- Mexico’s economy was already in a slight recession in 2019 and then contracted by some 8.5% in 2020, its deepest dive in almost 90 years, due to the ravages of the COVID-19 pandemic;
- However, the economy recovered quicker than first estimated in the final quarter of 2020.
Mexico‘s economy is seen growing at a quick pace in 2021 and reaching pre-pandemic levels by the beginning of 2022, after suffering its steepest recession since the Great Depression of the 1930s last year, the finance ministry said on Wednesday.
According to a budget document published by the ministry, Latin America’s second-largest economy is seen growing 5.3% in 2021, up from a prior projection of 4.6%, and then expanding by 3.6% in 2022.
“We estimate that by the beginning of 2022 the economy will fully recover to levels prior to the pandemic, underpinned by the recovery of the dynamism of the internal market fueled by vaccinations and the reopening of activities,” the document said.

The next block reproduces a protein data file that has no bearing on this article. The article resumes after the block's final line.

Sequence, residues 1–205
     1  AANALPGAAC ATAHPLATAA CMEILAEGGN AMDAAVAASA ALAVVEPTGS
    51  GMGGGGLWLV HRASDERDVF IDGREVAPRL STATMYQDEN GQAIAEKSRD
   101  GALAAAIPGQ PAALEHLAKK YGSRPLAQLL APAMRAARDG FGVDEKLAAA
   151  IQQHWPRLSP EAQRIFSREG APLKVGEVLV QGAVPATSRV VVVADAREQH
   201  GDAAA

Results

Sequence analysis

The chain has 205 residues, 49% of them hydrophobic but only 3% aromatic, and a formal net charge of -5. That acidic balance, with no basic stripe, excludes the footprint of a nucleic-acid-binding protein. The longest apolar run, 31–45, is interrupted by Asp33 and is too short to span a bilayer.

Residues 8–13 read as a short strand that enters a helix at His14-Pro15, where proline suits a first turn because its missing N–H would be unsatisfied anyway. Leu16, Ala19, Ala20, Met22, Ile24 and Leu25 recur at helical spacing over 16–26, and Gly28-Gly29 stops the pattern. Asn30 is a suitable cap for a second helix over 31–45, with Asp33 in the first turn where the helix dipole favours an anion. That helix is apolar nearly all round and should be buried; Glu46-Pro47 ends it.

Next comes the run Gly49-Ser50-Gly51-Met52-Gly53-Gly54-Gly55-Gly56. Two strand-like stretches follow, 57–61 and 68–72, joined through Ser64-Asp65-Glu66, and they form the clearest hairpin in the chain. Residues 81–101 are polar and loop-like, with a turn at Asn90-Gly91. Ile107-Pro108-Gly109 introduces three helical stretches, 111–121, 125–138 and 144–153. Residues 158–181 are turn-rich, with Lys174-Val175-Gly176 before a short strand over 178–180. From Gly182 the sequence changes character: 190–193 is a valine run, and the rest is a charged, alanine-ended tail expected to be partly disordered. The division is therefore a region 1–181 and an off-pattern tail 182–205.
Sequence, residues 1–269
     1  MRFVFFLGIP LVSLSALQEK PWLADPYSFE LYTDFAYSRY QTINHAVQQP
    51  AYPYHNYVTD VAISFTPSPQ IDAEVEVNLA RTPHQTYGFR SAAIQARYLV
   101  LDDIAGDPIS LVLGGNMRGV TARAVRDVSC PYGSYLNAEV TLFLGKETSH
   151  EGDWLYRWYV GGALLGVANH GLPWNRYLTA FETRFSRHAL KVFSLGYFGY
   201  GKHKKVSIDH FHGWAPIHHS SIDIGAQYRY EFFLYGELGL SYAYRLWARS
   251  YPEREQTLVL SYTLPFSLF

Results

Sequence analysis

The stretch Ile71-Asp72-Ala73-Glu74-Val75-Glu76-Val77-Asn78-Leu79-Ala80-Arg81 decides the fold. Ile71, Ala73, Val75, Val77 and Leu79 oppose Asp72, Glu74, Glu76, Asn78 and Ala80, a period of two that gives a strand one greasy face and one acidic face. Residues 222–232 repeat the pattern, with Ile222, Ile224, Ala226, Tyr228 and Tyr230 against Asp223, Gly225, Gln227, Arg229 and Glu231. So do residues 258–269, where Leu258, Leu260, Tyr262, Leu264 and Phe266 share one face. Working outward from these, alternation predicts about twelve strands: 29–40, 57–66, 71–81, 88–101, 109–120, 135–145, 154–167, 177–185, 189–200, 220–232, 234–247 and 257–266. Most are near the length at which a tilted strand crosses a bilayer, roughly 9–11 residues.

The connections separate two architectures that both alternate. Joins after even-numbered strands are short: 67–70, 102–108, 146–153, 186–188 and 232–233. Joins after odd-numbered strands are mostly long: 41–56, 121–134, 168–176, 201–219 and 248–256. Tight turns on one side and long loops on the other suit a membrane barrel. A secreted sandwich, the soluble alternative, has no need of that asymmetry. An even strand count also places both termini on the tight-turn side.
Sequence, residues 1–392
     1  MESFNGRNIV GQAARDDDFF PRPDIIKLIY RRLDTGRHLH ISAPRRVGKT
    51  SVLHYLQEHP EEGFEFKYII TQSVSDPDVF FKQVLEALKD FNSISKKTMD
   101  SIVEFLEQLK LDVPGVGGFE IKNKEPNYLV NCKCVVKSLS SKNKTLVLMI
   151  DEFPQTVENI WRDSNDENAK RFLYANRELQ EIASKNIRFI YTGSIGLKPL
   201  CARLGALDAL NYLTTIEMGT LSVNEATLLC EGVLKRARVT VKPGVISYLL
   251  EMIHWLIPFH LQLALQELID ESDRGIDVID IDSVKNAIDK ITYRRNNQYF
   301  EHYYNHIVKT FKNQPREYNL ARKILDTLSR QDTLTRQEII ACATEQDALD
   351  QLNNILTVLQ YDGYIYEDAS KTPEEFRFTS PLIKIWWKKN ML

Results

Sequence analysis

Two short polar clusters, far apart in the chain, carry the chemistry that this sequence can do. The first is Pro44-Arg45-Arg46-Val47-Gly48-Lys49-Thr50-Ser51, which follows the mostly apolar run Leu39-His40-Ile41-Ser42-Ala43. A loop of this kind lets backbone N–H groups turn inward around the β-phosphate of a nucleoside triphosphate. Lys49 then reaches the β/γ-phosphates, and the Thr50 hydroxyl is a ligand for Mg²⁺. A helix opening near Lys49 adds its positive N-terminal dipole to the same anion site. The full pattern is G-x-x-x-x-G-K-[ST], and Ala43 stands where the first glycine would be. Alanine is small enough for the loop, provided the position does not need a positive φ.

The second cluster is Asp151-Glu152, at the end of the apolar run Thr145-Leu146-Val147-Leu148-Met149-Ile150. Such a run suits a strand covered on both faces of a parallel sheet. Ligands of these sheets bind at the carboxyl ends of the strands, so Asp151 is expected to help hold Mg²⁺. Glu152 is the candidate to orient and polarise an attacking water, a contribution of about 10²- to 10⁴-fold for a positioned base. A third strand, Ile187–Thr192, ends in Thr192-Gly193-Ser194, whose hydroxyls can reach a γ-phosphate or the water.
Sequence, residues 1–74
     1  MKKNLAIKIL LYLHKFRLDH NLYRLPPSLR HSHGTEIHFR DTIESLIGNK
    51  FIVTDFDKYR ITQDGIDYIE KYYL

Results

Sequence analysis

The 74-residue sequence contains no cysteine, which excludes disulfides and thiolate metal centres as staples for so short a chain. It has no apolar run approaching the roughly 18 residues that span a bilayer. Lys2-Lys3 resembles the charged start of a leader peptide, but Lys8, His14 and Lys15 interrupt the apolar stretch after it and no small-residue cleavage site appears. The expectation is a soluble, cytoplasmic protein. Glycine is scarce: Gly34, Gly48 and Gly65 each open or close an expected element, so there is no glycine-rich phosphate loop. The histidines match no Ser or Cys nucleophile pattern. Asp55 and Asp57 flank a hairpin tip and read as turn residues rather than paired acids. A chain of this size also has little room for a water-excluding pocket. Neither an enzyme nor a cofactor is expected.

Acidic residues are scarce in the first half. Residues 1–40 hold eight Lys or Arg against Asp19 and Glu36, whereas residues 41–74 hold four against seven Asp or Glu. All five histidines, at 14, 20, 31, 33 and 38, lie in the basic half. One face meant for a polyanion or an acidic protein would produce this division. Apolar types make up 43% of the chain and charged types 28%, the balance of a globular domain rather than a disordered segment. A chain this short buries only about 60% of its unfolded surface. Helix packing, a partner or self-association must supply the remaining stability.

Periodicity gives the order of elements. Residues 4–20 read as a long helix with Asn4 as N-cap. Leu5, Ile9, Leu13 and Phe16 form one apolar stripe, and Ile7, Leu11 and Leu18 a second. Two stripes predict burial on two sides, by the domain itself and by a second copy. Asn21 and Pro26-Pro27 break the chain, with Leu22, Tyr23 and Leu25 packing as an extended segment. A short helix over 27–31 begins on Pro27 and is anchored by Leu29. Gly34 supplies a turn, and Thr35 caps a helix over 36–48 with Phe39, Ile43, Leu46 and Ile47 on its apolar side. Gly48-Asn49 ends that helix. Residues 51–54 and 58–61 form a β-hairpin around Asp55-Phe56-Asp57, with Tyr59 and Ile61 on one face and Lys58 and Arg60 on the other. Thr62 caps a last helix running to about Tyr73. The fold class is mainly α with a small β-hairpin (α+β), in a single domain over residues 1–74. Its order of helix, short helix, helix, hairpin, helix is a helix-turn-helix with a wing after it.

Mexico’s economy was already in a slight recession in 2019 and then contracted by some 8.5% in 2020, its deepest dive in almost 90 years, due to the ravages of the COVID-19 pandemic. However, the economy recovered quicker than first estimated in the final quarter of 2020.
The vaccine rollout and “sustained efforts by governments and central banks around the world to mitigate the impacts of the pandemic,” suggest the recovery in 2021 will be faster than previously expected, the ministry document said.
An expected acceleration of the economic recovery in the United States, Mexico’s main trade partner, “underpinned by its vaccination campaign and the $1.9 trillion fiscal stimulus approved on March 10, will give an added boost in Mexico to various sectors closely linked with trade, such as agriculture, agribusiness, and manufacturing,” the document said.